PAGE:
Video: Fallout from FEMA's hotel deadline

By Correspondent
NBC News
updated 11/17/2005 7:25:37 PM ET 2005-11-18T00:25:37

There was anger in Houston on Thursday as hurricane evacuees reacted to news that FEMA will soon stop paying the hotel bills of an estimated 150,000 people who lost their homes.

“How can we go home? We don't have no money,” asked Phyllis Cartwright-Mathis, who evacuated from Beaumont, Texas, during Hurricane Rita. “What parent wants to see her child, 15 years old, stuck in a motel room for Thanksgiving?”

All this as the impact of the Federal Emergency Management Agency’s hotel deadline sinks in with one family who fled Hurricane Rita.

“You have to laugh to keep from crying,” says Cartwright-Mathis. “It's just that bad, it's just that bad.”

Joining the frustrated was Mayor Bill White of Houston, the city with the greatest number of hurricane evacuees.

“I am concerned that what they say is different than what they wrote in a directive,” White says.

In a news conference Thursday on the housing issue, FEMA offered no explanation of how it will implement the plan to get thousands out of hotels across the country in two weeks.

“Hotel and motel program is always temporary,” says Vice Adm. Thaddeus Allen, who directs FEMA's Gulf Coast efforts. “I don't think anybody would indicate that it is a permanent housing solution that someone is displaced from a house in New Orleans.”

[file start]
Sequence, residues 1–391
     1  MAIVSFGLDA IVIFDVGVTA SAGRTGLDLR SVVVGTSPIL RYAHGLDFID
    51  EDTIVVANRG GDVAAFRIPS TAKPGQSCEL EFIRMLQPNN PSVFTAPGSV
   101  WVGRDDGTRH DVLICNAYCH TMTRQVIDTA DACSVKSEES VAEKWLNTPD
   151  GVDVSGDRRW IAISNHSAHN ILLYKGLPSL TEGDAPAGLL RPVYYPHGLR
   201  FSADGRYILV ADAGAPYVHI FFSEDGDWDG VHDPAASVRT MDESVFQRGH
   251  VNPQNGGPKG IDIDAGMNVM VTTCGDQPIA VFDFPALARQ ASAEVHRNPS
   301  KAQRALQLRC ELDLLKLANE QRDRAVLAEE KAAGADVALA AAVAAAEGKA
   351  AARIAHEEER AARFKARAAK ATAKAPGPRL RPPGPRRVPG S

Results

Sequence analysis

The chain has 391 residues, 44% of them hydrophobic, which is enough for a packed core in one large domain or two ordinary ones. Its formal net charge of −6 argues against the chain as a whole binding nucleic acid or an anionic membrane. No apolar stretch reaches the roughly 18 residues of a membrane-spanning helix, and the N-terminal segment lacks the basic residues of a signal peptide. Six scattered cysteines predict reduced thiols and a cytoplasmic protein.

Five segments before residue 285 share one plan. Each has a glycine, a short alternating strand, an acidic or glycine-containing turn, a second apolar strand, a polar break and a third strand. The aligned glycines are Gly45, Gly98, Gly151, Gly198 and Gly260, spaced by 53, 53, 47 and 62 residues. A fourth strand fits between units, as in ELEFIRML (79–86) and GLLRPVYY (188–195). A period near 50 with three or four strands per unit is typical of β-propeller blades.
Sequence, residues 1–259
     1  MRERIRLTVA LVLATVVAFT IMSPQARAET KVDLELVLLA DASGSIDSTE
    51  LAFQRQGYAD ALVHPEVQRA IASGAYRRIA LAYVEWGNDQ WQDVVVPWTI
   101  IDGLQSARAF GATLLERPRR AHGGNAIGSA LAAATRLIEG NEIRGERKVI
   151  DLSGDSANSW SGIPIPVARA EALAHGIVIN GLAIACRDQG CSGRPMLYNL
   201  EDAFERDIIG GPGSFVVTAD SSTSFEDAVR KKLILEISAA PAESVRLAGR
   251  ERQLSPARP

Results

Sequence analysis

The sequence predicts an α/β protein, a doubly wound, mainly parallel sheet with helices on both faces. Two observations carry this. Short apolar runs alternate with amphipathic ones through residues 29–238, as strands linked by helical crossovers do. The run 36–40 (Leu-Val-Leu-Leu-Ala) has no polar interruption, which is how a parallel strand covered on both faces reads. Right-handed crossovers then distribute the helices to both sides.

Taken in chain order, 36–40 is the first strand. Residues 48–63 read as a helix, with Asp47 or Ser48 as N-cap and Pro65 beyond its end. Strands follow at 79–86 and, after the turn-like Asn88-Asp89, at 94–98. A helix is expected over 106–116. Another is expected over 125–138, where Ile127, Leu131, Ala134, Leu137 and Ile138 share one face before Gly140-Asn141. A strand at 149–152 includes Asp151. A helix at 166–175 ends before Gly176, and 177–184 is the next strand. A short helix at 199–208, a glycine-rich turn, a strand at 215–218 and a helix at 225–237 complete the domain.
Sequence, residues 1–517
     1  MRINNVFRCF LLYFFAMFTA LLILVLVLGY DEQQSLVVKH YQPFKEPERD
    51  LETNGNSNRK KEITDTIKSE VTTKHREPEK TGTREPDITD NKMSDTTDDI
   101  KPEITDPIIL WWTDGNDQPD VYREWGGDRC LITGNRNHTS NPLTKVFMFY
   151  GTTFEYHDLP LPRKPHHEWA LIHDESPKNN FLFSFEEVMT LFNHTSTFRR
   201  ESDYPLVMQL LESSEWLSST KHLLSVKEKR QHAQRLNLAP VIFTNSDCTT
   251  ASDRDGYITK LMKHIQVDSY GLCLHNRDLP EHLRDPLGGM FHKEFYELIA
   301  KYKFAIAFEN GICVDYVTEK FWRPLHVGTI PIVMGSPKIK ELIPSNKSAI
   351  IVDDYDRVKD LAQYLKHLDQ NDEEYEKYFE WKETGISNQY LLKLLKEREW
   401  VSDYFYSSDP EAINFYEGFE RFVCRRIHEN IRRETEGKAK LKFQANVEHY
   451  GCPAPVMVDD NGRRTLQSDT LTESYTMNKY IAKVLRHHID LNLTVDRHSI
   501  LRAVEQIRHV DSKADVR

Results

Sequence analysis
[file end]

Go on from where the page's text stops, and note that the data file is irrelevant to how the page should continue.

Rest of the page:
While FEMA insists it won’t be throwing anyone out on the streets who's staying in one of these hotel rooms, it is standing by the deadline. The payments on the rooms will stop two weeks from now.

“We need to get them into a better temporary solution pending a longer-term housing solution,” says Allen. “That's always been the goal.”

It's Kenna and Ryan Pitre's goal, too. The New Orleans University students have been living in a Dallas hotel, and with the Dec. 1 deadline looming, they're not finding much on the rental market.

“We have to figure out where we're going to move to before then,” says Kenna. “We don't have that much time.”

With the clock running, the same is true in many cities with evacuees.

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